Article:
The determination of the lanthipeptide class based on the biosynthetic enzymes in the cluster is straightforward, and antiSMASH performed this tasks flawlessly on the benchmark data set (Table 5). Using the advanced heuristic, antiSMASH was able to correctly predict the number or bridges in almost all lanthipeptides of the benchmark data-set. The heuristic only fails if two Cys residues form a disulphide bridge, a rare occurrence observed in e.g. thermophilin 1277 . Unfortunately, the enzyme catalysing the formation of the disulphide bridge is not present in the gene cluster and thus cannot be used to predict a disulphide bridge formation . Predicting the core peptide sequence is more difficult. The cleavage site motif of class II lanthipeptides (Table 3) is relatively uniform, largely consisting in two amino acids with small side chains that are preceded by alternating hydrophobic and hydrophilic residues. In fact, the four class II cleavage sites incorrectly predicted during validation (Table 4) all differed from this pattern and contained a site that more closely matches the motif upstream of the actual cleavage site. Some class II core peptides like mersacidin  or lichenicidin A2  lose an additional six amino acids at the N-terminus after the proteolytic cleavage , so it seems likely that the predicted cleavage sites may be accurate and some additional enzyme catalyses the N-terminal modifications. Class I leader peptides also carry a short motif of alternating hydrophobic and hydrophilic amino acids, usually called the FNLD motif. The spacer between this motif and the actual cleavage site varies. At position −2 in front of the cleavage site, many leader peptides carry a proline residue (Table 2). During validation, all cleavage sites were predicted correctly (Table 4). Due to the strong signal of the FNLD motif, class I prediction (stability 100%) is even more robust than the class II prediction (stability 81%) with the shorter motif. As a proof of concept, we used the gene clusters of the recently published planosporicin  and the lactate-containing epilancin 15X . Both precursor peptides contain cleavage sites that are distinct from all the sequences included in the class I seed alignment. For both lanthipeptides the algorithm is able to correctly predict the mass, number of Lan/MeLan bridges and tailoring modifications.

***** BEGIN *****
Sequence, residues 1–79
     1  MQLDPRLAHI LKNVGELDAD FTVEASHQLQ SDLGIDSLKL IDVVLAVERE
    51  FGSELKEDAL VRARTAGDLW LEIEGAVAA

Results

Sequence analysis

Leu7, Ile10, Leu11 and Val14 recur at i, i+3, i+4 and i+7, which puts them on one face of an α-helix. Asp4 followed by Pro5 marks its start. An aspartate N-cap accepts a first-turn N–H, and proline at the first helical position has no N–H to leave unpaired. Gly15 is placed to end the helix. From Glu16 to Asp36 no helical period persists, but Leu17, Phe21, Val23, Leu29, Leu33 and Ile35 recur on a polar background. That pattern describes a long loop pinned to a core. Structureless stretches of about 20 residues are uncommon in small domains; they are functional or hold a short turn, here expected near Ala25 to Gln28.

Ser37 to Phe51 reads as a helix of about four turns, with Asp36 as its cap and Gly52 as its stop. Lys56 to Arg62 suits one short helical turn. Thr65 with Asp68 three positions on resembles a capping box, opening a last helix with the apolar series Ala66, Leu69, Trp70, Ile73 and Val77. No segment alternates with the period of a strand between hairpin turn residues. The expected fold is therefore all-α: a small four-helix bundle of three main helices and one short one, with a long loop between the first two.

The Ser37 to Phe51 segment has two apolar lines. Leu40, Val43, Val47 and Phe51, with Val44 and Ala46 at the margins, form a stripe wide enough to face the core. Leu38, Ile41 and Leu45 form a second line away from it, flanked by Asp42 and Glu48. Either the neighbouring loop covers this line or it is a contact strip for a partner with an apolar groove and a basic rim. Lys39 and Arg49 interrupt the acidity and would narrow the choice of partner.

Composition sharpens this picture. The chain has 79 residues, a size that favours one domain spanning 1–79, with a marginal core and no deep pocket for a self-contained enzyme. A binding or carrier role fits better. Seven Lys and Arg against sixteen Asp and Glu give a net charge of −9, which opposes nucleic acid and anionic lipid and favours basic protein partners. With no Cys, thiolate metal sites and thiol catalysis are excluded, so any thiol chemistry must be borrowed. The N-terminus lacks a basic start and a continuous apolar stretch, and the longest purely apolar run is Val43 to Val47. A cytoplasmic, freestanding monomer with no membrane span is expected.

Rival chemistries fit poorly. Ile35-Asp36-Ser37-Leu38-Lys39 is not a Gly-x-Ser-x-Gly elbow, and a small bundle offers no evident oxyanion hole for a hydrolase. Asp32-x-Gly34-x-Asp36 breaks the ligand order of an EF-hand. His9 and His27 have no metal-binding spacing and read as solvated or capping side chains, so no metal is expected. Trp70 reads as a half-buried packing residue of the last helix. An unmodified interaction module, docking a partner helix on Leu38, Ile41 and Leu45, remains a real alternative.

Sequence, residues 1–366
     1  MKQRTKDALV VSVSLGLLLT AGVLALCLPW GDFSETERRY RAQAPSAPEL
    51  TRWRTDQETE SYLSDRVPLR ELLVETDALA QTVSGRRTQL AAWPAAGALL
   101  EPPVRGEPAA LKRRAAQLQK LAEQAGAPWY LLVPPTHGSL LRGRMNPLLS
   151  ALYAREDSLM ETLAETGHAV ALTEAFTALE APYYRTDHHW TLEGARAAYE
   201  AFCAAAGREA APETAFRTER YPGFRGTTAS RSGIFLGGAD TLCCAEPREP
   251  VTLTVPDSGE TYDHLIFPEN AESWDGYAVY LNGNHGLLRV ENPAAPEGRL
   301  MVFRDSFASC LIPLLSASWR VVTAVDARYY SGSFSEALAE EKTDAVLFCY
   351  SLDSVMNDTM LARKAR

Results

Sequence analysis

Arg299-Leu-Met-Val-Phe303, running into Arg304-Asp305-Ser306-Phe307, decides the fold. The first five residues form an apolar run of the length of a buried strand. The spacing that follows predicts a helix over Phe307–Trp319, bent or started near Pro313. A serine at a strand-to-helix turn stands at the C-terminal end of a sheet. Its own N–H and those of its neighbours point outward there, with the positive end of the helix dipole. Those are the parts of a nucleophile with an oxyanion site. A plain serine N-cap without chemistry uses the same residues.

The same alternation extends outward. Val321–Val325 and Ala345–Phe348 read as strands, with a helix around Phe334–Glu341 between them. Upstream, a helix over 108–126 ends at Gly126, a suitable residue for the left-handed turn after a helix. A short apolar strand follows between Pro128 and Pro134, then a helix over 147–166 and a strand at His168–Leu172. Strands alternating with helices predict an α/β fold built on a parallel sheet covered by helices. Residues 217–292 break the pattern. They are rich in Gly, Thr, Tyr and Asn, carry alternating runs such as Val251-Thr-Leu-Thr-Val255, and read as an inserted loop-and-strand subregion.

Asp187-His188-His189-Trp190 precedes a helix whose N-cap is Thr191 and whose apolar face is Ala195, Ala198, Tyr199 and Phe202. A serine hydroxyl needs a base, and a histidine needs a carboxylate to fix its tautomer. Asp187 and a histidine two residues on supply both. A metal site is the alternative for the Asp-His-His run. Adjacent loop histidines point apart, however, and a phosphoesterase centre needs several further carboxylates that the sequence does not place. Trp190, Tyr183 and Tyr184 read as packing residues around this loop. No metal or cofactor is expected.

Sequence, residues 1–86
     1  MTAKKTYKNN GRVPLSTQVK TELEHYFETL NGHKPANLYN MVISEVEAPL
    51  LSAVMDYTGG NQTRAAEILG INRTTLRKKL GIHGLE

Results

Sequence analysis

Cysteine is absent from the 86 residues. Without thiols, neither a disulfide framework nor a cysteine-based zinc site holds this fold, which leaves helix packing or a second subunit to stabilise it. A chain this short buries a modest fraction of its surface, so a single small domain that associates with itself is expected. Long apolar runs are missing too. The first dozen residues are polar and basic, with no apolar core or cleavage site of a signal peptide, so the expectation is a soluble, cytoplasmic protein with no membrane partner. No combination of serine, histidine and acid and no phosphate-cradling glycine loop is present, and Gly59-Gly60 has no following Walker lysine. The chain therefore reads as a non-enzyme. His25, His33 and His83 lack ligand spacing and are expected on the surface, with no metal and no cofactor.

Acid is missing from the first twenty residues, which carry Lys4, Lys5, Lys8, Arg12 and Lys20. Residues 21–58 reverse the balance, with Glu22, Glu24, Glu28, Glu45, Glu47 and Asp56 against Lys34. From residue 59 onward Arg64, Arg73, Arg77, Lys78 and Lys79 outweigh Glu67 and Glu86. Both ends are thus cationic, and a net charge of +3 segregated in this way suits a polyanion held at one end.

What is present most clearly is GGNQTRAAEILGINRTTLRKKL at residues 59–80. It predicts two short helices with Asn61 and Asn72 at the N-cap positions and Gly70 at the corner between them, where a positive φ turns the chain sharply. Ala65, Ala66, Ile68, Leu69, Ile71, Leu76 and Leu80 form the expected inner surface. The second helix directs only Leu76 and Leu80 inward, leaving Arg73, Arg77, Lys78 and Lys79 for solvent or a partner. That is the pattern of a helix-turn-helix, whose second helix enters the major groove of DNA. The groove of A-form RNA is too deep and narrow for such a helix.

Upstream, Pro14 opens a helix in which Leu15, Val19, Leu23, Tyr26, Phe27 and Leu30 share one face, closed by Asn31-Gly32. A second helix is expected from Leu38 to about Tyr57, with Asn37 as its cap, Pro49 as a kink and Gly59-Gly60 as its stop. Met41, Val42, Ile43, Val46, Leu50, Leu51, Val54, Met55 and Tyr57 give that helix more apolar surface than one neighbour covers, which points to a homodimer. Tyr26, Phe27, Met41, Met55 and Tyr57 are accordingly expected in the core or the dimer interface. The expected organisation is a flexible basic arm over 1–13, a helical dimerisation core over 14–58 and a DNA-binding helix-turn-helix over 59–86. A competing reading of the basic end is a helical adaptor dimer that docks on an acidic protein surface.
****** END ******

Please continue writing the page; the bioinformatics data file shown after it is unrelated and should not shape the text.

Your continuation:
With the algorithm described in this paper, antiSMASH gains extensive lanthipeptide-specific predictive capabilities. antiSMASH is the only software currently available that will predict lanthipeptide class, core peptide cleavage, tailoring reactions, number of Lan and MeLan bridges, and the molecular weight of the mature peptide product. These informations obtained by analyzing the genome sequence of the producers can give crucial hints for the identification of the lanthipeptide compounds in chemical analytics.
Conceived and designed the experiments: KB TW. Performed the experiments: KB DK. Analyzed the data: KB DK. Wrote the paper: KB WW TW.
- 1. Knerr PJ, van der Donk WA (2012) Discovery, Biosynthesis, and Engineering of Lantipeptides. Annual Review of Biochemistry 81: 1–27.
- 2. Crowther GS, Baines SD, Todhunter SL, Freeman J, Chilton CH, et al. (2013) Evaluation of NVB302 versus vancomycin activity in an in vitro human gut model of Clostridium difficile infection. Journal of Antimicrobial Chemotherapy 68: 168–176.
- 3. Plat A, Kluskens LD, Kuipers A, Rink R, Moll GN (2011) Requirements of the engineered leader peptide of nisin for inducing modification, export, and cleavage. Applied and Environmental Microbiology 77: 604–611.
- 4. Arnison PG, Bibb MJ, Bierbaum G, Bowers AA, Bugni TS, et al. (2013) Ribosomally synthesized and post-translationally modified peptide natural products: overview and recommendations for a universal nomenclature. Natural Product Reports 30: 108–160.
- 5. Sit CS, Yoganathan S, Vederas JC (2011) Biosynthesis of Aminovinyl-Cysteine-Containing Peptides and Its Application in the Production of Potential Drug Candidates. Accounts of Chemical Research 44: 261–268.
- 6. Kellner R, Jung G, Hörner T, Zähner H, Schnell N, et al. (1988) Gallidermin: a new lanthionine-containing polypeptide antibiotic. European Journal of Biochemistry 177: 53–59.
- 7. Foulston LC, Bibb MJ (2010) Microbisporicin gene cluster reveals unusual features of lantibiotic biosynthesis in actinomycetes. Proceedings of the National Academy of Sciences 107: 13461–13466.
- 8. Heidrich C, Pag U, Josten M, Metzger J, Jack RW, et al. (1998) Isolation, characterization, and heterologous expression of the novel lantibiotic epicidin 280 and analysis of its biosynthetic gene cluster. Applied and Environmental Microbiology 64: 3140–3146.